May 2018

Here are some noteworthy discussions during the busy month of May!

  • Monday, 5/7: City Council will consider extending our bike-share pilot program and receive a Post Office project update
  • Wednesday, 5/10: Annual Budget meeting 
  • Thursday, 5/10: Bay Area Bike to Work Day
  • Thursday, 5/10: Traffic, Safety, & Parking Commission discussion (continued) about a potential east/west Burlingame shuttle 
  • Thursday, 5/17: SamTrans Get Us Moving San Mateo County Town Hall in Burlingame
  • Wednesday, 5/23: Lyon Hoag Neighborhood Meeting
  • Friday, 6/1: Coffee and Conversation with Emily at Il Piccolo Caffe
  • Please participate in Burlingame's Parks Master Plan online survey 
  • Coming soon: TopGolf update; date and time TBA 
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April 2018

Happy Spring!  Here are some City highlights in the weeks ahead: 

  • Wednesday, 4/11: Senior Listening Session with Councilmembers Emily Beach & Ricardo Ortiz
  • Thursday, 4/12: Traffic, Safety, & Parking Commission: gauging community interest for an east/west Burlingame shuttle 
  • Saturday, 4/28: Burlingame Community Discussion about Housing, Part Two
  • Wednesday, 5/2: Annual Joint Meeting with City Council & Planning Commission 
  • Friday, 6/1 Save the Date: Coffee and Conversation with Emily at Il Piccolo Caffe
  • Read my recent Daily Journal Op-Ed entitled "Sustainable Transportation Solutions"
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March 2018

Note three important events happening next week!

  • Monday, March 19th, New Community Center Conceptual Plan & proposed park on the Bayfront discussion, City Hall, 501 Primrose Road  
  • Thursday, March 22nd, State Lands Commission Community Meeting about the future use of vacant State Lands property on the Bayfront next to Kincaid’s Restaurant, 6:30 PM, Burlingame Recreation Center, 850 Burlingame Avenue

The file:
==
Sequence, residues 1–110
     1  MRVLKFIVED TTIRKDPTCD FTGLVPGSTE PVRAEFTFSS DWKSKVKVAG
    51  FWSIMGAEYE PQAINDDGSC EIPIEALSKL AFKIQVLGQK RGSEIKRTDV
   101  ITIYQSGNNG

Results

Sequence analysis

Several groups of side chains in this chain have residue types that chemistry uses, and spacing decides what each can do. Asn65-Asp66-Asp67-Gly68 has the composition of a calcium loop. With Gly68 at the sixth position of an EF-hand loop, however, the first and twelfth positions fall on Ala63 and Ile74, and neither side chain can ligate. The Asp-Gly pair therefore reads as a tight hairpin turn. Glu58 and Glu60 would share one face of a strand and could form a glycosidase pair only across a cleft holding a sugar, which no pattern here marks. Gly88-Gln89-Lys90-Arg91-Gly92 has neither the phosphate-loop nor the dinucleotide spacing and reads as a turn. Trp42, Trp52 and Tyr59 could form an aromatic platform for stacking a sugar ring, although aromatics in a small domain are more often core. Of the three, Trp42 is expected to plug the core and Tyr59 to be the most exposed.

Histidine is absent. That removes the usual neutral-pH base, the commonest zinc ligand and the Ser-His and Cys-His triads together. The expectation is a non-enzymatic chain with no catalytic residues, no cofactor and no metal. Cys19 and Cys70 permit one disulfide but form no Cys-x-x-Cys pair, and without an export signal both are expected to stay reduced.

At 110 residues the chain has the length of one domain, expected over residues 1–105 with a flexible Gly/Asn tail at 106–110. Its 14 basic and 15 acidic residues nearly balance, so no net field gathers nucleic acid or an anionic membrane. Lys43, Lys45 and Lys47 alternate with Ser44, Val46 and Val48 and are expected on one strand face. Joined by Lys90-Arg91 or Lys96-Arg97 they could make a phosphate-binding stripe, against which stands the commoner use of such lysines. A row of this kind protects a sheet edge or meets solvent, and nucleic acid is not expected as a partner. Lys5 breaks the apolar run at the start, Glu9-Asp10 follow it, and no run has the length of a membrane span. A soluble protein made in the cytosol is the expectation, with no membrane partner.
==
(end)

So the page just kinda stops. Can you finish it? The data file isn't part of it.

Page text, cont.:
• Saturday, March 24th, 101st Airborne Anniversary Division Homecoming Parade and Celebration, 11:00 AM, B Street @ 7th Avenue, San Mateo
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The Daily Journal Guest Perspective

Sustainable transportation solutions
By Emily Beach

Feb 27, 2018

Gridlock on Highway 101 and our local streets reminds us how transportation investments have not kept pace with growth in our region. To maintain our quality of life, we need safe and convenient transportation that doesn’t increase traffic and cause irreparable harm to our environment.  59515f6fcf238.image.jpg

Pedestrian and cycling infrastructure provides cost-effective solutions to help reduce congestion in ways that benefit everyone — including highway commuters. These improvements, however, require funding, community support, and the political will to enact them.  

When more people leave their cars behind, roads become less congested, parking becomes more plentiful, travel times more predictable and fewer tax dollars are required to maintain public roads. Moreover, people who walk and ride bicycles gain additional benefits to their physical and mental well-being. Why then do relatively few people do so? Safety and convenience are big challenges. Many people fear riding a bike or walking on roads near speeding drivers without robust bicycle and pedestrian spaces.

But if we build it, they will come.

Research shows that people of all ages and abilities will choose walking and cycling for short trips when it is safe and convenient. Low-stress bike routes through neighborhoods, dedicated paths protected from cars, designated lanes which separate bikes from motorized vehicles, well-maintained sidewalks and visible crosswalks are proven methods to encourage people to walk or ride to nearby destinations. When these facilities connect with commuter rail and other public transportation, all travelers benefit exponentially. Given our mild weather, population density and more frequent electrified Caltrain service coming soon, our county is well suited to embrace cycling and walking in our daily commutes. Now even electric-assist bicycles in local bike-share fleets provide us access to the hills without breaking a sweat. Better infrastructure will make these choices easier.

Despite the known benefits, communities often struggle to secure active transportation dollars. For example, 44 San Mateo County bicycle/pedestrian projects recently requested a combined $16 million from our countywide sales tax Measure A funds ($5 million available) and a state grant program for local projects ($2.26 million available). In other words, the requests outpaced the available dollars by $9 million — which meant funding fewer than half the projects. Compare $9 million of high- impact bicycle and pedestrian network improvements to the price tag of a new highway interchange ($90 million-$160 million), the proposed Highway 101 Managed Lane Project ($500 million), or even a local parking garage ($10 million-20 million). For a fraction of those costs, active transportation investments help address the root cause of our traffic and parking problems.